Corporate Tax Breaks in Last Budget Deals Benefit Few, Says Report

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The California Budget Project report shows the last two budget agreements awarded millions in tax breaks to a handful of corporations.

The budget packages of September 2008 and February 2009 made three key changes in corporate income tax law, which according to the report, will result in a loss of $8.7 billion in tax revenue over the next seven years. “As lawmakers consider eliminating health coverage for over a million children and slashing funding for education, voters should ask whether we can afford billions of dollars of permanent tax breaks,” said Jean Ross, executive director of the California Budget Project in a press release.

The changes include giving corporations the option of being taxed solely on their total sales in California instead of the traditional way of taxing based on how much total business a corporation does in the state, including sales, property and payroll.

Proponents of this so-called “single-sales factor” method of assessing corporate taxes say it’s an incentive for increasing in-state employment and capital investment. Large corporations have lobbied for the method across the country.

Some 20 states have now adopted single-sales factor apportionment, but the results are dubious, said Michael Mazerov, an analyst at the Center on Budget Policy and Priorities, a Washington D.C.-based think tank. “States that have adopted it don’t have much to show for it in terms of economic development,” said Mazerov. “All they’ve done is lost a lot of revenue,” he said, noting that the competitive advantage of adopting the single-sales method goes down as more states adopt it.

The Legislative Analyst’s Office agrees that the change is expected to reduce state revenues “by hundreds of millions—or perhaps billions—of dollars annually.” And the benefits will be shared by few, according to the California Budget Project’s recent report.

Based on estimates from the Franchise Tax Board, the report found that 80% of the benefits of the single sales factor change will go to just 0.1% of the state’s corporations, the ones with gross receipts over $1 billion. Just nine corporations will each pay an average of $33.1 million less in taxes in 2013-14 thanks to the new law. Another 13 corporations will each pay $10-20 million less tax money, according to the report.

The vast majority of beneficiaries are in the utility sector – 28 companies will receive an average tax cut of $1.7 million per firm, according to the report. Next in line for highest benefits are the information technology sector and manufacturing, respectively.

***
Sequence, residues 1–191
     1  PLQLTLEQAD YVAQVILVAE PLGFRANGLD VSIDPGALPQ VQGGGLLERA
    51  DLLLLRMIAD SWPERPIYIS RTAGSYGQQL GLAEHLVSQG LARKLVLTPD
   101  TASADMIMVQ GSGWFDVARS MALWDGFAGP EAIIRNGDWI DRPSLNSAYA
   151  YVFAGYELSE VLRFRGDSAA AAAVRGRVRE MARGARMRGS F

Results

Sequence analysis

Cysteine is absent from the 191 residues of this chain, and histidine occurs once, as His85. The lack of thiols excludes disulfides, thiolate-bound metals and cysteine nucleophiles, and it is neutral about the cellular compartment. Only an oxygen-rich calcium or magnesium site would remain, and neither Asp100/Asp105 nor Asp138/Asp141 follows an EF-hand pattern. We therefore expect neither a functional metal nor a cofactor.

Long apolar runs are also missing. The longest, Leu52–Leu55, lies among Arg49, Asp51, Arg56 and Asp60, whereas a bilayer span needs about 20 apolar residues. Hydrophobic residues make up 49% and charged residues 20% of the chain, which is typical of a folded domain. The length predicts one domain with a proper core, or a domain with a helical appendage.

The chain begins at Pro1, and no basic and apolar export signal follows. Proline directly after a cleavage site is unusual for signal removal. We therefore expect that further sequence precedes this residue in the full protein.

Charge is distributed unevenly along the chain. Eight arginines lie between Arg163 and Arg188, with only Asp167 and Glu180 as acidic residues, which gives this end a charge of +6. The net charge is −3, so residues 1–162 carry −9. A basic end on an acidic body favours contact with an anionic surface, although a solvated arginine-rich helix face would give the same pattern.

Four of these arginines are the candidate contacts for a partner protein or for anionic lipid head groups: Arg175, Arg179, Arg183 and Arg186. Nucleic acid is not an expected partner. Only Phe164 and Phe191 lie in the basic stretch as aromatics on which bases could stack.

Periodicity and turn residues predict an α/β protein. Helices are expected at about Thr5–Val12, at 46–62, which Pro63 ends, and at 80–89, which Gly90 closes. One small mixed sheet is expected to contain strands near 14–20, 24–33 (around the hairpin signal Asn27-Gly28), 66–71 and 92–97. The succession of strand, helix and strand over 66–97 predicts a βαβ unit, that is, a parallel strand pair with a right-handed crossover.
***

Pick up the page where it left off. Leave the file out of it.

The second tax change, part of the September 2008 budget agreement, allows corporations to share tax credits among related corporations. Under the new rules, if a company is eligible for a tax credit but can’t use it, it can pass that credit on to a subsidiary or otherwise related company.

The report finds that six corporations will each get an average $23.5 million in tax cuts in 2013-14 when adopting credit sharing. And 87% of benefits from credit sharing will go to California corporations earning over $1 billion annually, well below 1% of all the state’s corporations. Credit sharing will cost the state $80 million in lost tax revenue during the next budget cycle and increase to $385 million in lost revenue by 2015-16, according to the report.

While the September 2008 agreement did limit the amount of tax credits a business can claim to 50% of a its total tax due, Ross told the California Progress Report that few companies would be able to claim credits anyway in these profit-less years. Plus, the length of time businesses can carry a tax credit forward increased by 2 years, another benefit. “It ended up being a sweet trade for the corporations that will use these deductions,” said Ross.

The third tax change allows corporations to claim refunds against taxes paid in previous years if they have net operation losses in the current year. While the federal government allows these “loss carrybacks”, Ross said it’s much harder for states to handle requests for large tax refunds while maintaining a balanced budget. The federal government, on the other hand, can carry a deficit.

“States have no way to plan [for refunds],” said Ross. “It has a tremendously destabilizing impact [on the budget].” Revenue loss from carrybacks is expected to reach over $500 million in 2011-12, according to the report, while 40% of loss carryback deductions will go to corporations with gross receipts over $1 billion.

Ross presented her findings at the Budget Conference Committee on June 3. “We are hoping that there will be a revisiting with some of this,” she said.

Jill Replogle has worked as a freelance journalist in the Bay Area and Central America for eight years. She is now a student at the UC Berkeley Graduate School of Journalism. Jill is currently an intern for Protect Consumer Justice.

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